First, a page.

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Disappearing EU Borders Bring New Concerns Amid Joy for Free Travel

Next May, the map of Europe will change radically as the European Union expands eastward into former communist lands and the Mediterranean. The move will extend a zone of prosperity, and heal the Cold War divide. But as the union incorporates 10 new countries, it will also create new borders, and people living further east fear being stuck behind a new bureaucratic Iron Curtain.

European unity may still be a concept more of hope than of reality. But the freedom to wander around the continent is arguably the single most important change in European life in the last 50 years. It is this ability to travel freely that most distinguishes young Europeans' lives from those of their parents.

Most citizens of the European Union can now travel from country to country, without ever having to go through immigration controls or customs booths. And that privilege will soon be extended to the citizens of the bloc's new members.

Analyst Heather Grabbe of London's Center for European Reform says most citizens of the central and eastern European countries that will join the EU next year can already travel around the EU without a visa.

"What has not been removed are the actual border checks between the new member states and the old member states," she said. "So basically, you have to take your passport with you, and you have to wait in line at the border to have your passport and your car checked, before you're allowed to cross, for example, from Slovakia into Austria, or from Slovenia into Italy, or from the Czech Republic into Poland, and vice-versa, whereas you can travel from Germany into France and from Italy into Austria, without having any checks done at all."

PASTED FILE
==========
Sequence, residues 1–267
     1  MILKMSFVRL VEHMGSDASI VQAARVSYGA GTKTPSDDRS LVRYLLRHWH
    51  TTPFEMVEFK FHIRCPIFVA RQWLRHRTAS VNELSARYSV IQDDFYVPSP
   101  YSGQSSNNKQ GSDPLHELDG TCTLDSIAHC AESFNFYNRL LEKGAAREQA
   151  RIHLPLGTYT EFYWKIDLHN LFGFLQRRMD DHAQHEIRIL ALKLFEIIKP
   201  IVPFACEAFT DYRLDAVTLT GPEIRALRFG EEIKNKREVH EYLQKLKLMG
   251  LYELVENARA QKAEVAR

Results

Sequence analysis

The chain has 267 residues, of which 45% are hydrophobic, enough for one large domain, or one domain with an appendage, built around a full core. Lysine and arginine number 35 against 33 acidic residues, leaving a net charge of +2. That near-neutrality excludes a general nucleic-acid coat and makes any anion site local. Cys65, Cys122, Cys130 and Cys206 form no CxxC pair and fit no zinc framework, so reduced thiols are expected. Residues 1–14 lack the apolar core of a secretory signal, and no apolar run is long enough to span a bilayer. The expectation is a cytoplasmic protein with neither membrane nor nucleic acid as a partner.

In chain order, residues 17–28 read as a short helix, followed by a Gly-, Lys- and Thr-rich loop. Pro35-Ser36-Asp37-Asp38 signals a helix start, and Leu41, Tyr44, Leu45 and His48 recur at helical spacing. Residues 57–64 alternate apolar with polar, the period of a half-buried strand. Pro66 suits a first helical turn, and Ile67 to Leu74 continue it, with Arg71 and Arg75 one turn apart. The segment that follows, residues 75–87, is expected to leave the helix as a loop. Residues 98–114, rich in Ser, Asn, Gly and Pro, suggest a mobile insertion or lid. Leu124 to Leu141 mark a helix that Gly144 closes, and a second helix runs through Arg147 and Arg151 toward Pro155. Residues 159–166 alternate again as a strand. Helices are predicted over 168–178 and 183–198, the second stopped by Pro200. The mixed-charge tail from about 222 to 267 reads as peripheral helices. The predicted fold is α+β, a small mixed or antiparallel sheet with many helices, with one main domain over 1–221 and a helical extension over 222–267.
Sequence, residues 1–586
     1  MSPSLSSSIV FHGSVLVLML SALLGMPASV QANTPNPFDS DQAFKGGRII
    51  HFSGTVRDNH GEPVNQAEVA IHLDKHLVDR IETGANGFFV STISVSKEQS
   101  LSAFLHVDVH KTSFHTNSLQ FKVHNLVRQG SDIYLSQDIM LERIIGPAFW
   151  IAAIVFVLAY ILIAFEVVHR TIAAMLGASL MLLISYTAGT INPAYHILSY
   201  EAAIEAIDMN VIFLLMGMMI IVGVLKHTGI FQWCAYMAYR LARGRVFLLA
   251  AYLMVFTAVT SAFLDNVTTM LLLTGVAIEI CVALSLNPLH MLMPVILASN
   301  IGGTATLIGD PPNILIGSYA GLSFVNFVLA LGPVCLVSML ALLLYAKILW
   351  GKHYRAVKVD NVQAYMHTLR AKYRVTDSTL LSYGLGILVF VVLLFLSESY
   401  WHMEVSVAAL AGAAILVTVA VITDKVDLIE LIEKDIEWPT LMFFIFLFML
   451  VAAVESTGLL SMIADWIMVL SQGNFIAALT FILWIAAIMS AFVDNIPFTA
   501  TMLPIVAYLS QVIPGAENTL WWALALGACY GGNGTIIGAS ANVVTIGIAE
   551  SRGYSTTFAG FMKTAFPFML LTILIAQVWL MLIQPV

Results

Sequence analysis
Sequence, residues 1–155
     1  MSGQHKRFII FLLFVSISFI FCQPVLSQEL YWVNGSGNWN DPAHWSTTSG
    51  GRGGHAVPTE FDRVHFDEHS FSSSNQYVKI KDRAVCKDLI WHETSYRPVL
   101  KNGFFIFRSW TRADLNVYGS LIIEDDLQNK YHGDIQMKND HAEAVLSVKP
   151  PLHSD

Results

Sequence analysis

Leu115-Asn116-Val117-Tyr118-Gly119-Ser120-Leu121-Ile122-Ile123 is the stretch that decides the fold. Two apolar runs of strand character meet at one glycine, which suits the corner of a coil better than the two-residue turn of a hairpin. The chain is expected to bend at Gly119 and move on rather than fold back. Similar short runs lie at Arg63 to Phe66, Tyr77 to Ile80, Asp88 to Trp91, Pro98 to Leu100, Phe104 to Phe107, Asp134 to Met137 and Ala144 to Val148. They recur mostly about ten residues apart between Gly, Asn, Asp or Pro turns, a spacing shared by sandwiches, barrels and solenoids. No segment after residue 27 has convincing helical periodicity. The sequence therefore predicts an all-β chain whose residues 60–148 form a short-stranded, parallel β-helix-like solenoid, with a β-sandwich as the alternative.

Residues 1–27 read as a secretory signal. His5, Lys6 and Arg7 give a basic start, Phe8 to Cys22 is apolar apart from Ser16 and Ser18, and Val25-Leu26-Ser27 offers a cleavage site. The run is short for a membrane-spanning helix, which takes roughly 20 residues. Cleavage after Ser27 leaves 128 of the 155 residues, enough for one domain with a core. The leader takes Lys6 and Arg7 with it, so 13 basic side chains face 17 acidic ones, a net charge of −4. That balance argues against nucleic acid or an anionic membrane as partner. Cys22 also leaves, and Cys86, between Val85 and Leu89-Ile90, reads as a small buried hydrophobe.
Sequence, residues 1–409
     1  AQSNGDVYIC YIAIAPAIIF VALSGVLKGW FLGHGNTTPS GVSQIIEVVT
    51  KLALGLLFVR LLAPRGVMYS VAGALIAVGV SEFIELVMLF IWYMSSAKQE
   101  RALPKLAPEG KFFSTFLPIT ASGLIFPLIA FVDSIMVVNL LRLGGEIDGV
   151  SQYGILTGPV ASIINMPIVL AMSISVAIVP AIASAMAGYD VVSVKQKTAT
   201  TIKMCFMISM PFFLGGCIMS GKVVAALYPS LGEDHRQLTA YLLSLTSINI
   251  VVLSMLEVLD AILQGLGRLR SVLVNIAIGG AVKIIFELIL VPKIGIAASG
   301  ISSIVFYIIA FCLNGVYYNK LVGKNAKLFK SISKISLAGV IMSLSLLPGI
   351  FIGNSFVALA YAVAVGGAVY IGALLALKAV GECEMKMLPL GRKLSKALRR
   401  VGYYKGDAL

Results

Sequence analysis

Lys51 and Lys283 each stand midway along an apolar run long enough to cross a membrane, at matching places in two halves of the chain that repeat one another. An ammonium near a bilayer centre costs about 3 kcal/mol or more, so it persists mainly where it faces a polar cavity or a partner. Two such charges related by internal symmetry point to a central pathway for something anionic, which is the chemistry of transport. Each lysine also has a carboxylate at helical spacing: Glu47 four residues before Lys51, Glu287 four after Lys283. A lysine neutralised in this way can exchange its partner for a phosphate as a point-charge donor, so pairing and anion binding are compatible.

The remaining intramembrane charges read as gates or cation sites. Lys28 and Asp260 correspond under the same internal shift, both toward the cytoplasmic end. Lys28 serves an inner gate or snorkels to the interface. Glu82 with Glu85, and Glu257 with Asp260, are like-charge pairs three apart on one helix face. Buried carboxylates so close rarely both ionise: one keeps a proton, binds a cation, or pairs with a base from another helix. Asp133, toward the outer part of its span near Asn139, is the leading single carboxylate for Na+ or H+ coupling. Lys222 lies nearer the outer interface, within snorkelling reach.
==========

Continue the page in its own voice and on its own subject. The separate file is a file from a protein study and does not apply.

Ms. Grabbe says citizens of the EU newcomer states will not be able to enjoy passport-free travel, like their western counterparts, before 2006 at the earliest. That is because their countries still have to meet the EU's criteria on border controls.

Still, EU enlargement has already meant and will continue to mean an extension of stability and economic growth to the new members.

Professor Jerome Sheridan, who heads the American University's Brussels Center, argues that the EU's eastward expansion acts as an incentive for countries further east or south to undertake the internal reforms they need to eventually join the union themselves.

"What happens as the EU enlarges is [that] other countries see this, and they want to be a part of it," said Professor Sheridan. "The greatest example of this that I can think of is, what is going on in Croatia and Serbia right now. … They chose to go back to the old ways of settling conflicts in Europe, that is, through war, while everybody else chose the path of joining the European Union. ... And the Croats and the Serbs have seen this, and now they're desperately trying to play catch-up, to become part of the club, as well."

As the EU's borders expand eastward, some countries gain and others lose out.